We need your help now

Support from readers like you keeps The Journal open.

You are visiting us because we have something you value. Independent, unbiased news that tells the truth. Advertising revenue goes some way to support our mission, but this year it has not been enough.

If you've seen value in our reporting, please contribute what you can, so we can continue to produce accurate and meaningful journalism. For everyone who needs it.

Eamonn Farrell/Photocall Ireland

Builders are not happy with the government's new social housing plan

But a housing charity thinks it’s not so bad.

THE ENVIRONMENT MINISTER Alan Kelly yesterday unveiled a sweeping change to how social housing is handled in Ireland.

At the centre of the plan were a number of measures designed to take on developers and incentivise construction: fining those who don’t develop sites in urban centres, abolishing the system that allowed developers make cash payments in lieu of building social housing and setting at 10% the number of social housing units that must be built by developers.

The plan also calls for the social housing to be built on the same site as private housing.

Speaking at a vacant site in Tallaght, Dublin, Kelly said that the changes would “be a fair balance” and “meet the challenges” of development.

In between the two canals in Dublin, Kelly said, there are 600 large vacant sites.

He says that the plan would see 4,000 new social housing units built by 2020.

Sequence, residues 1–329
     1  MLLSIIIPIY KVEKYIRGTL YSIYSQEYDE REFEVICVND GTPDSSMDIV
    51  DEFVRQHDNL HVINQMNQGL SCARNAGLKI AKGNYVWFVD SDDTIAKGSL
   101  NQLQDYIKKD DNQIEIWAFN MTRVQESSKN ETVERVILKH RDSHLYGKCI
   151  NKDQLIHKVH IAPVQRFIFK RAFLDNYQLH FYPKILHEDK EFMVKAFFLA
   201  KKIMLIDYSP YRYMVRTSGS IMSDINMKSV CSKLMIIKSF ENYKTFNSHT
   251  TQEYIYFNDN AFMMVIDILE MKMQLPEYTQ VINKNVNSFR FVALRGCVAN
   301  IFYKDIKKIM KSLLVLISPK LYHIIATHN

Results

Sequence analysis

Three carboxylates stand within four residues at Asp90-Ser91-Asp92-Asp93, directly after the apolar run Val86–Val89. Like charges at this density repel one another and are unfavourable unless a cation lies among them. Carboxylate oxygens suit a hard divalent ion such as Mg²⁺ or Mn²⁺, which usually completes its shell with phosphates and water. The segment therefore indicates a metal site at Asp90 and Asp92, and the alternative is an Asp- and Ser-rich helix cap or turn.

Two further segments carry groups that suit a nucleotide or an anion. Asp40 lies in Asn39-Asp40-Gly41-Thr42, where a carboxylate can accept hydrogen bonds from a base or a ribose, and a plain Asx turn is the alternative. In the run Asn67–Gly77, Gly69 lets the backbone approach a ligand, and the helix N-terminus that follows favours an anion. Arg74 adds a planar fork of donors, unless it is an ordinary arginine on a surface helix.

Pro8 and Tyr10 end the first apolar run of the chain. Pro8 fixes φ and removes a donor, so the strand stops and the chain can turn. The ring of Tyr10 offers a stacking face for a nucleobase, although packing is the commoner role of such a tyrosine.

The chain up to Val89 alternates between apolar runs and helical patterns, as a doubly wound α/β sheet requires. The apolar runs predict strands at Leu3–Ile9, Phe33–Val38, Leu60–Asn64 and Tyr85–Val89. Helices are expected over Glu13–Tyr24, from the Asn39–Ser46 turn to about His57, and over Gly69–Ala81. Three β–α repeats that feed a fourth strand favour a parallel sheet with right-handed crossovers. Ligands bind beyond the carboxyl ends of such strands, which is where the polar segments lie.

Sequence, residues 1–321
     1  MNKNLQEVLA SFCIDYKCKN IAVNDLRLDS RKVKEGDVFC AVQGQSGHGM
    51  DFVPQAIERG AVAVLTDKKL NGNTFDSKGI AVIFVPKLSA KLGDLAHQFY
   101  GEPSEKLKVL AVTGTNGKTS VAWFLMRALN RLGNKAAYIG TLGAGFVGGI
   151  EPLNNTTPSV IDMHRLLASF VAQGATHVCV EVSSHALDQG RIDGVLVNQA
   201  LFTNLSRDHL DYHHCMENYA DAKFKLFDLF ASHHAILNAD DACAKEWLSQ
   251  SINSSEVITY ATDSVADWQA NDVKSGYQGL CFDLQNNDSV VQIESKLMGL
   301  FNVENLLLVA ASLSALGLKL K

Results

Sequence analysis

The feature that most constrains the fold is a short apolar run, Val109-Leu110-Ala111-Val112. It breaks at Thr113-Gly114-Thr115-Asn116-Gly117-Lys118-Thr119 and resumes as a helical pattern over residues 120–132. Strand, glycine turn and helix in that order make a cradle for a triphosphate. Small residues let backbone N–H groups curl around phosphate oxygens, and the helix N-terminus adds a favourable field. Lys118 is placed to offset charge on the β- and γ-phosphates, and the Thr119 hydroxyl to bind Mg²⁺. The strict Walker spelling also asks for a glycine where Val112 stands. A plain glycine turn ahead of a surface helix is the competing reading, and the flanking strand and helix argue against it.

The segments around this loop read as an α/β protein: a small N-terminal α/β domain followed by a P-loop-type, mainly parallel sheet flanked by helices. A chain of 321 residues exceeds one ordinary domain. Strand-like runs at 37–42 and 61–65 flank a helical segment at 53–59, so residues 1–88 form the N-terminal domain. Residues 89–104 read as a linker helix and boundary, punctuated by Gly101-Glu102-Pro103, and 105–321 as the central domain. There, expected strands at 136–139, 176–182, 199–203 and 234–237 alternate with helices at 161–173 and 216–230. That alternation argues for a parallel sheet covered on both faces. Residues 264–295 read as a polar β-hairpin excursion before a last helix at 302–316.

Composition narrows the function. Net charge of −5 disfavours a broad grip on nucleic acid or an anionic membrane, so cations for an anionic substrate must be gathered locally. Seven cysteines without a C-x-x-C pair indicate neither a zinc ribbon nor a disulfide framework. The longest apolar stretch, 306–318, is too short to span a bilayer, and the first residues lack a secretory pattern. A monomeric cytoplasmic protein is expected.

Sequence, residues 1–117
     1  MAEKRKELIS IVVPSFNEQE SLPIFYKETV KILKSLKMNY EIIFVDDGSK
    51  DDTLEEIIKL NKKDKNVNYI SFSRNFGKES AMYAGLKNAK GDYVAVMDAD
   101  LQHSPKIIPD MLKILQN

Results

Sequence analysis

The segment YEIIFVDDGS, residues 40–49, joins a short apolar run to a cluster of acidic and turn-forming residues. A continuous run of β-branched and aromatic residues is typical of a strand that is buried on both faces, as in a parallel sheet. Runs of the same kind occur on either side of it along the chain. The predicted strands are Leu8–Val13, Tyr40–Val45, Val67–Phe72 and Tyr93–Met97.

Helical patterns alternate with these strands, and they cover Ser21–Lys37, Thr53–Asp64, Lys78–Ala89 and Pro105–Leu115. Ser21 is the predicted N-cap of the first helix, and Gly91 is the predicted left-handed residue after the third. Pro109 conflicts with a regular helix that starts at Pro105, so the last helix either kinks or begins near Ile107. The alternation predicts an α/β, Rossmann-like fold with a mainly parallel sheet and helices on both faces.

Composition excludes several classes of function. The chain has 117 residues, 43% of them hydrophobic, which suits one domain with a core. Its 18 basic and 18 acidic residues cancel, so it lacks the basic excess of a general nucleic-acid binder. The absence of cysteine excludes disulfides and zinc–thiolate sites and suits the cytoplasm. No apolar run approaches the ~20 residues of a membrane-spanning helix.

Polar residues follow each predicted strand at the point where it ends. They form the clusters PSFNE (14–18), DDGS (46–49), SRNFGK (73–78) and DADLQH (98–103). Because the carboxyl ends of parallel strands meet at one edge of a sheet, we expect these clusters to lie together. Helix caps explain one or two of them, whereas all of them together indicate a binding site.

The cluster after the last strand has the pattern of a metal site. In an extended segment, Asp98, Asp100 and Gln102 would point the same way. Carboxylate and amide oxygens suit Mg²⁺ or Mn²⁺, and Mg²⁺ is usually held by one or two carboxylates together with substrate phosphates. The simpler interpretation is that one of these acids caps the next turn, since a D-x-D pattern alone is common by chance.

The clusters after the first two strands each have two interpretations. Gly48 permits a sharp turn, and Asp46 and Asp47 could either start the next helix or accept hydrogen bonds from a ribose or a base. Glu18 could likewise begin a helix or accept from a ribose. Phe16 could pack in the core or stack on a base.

That figure, however, has been called “pie in the sky” by the construction industry.

They call the whole plan “a missed opportunity” and say it will depress building.

“The Government supposedly wants to see more houses being built, but this new legislation is going to slow down building activity,” said CIF Director General Tom Parlon.

“It’s going to add to the cost of building at a time when many builders are struggling to get sustainable housing projects off the ground. The bankability of projects that otherwise may have proceeded will now be challenged. The overall impact will be to slow down the delivery of new houses.”

Parlon says that the Part V planning stage has already proven to be “a bureaucratic nightmare” and also criticised the vacant site levy.

“The vacant site levy is also excessive and will also add to the costs that are ultimately passed on to purchasers of newly built properties.”

Opposition parties also piled in, with the Green Party saying that the construction industry got too much.

“The halving of the commitment to social and affordable housing from 20% to 10% is a step backwards for Irish housing policy. It particularly fails to make sense when housing waiting lists are at an all-time high, and represents a concession to the construction industry,” said Green councillor Ciaran Cuffe.

Fianna Fáil’s Barry Cowen says the plan will “exacerbate the problem”.

Qualified Praise

The Clúid Housing Association welcomed the retention of Part V, but said that it has shortcomings.

Head of Policy Simon Brook says that in an ideal world, 20% of homes built would be social housing, but 10% is welcomed.

“In the short term it won’t fix very much at all.

“We need around 35,000 new houses every year, I reckon that we need to be producing 5,000 social houses a year in the medium term.”

Brook welcomed the incentives to developers, he said that the government’s commitment to mixed tenure was welcome.

“Luckily the days of ghettoising social renters in large-scale housing are done.

“There are people who have reticence about living in estates with social renters, but that is down to a mythology that creeps in.

“What we’ve found is that once people move in, those fears evaporate.”

Read: New social housing plan would force developers to ‘use it or lose it’

Your Voice
Readers Comments
    Submit a report
    Please help us understand how this comment violates our community guidelines.
    Thank you for the feedback
    Your feedback has been sent to our team for review.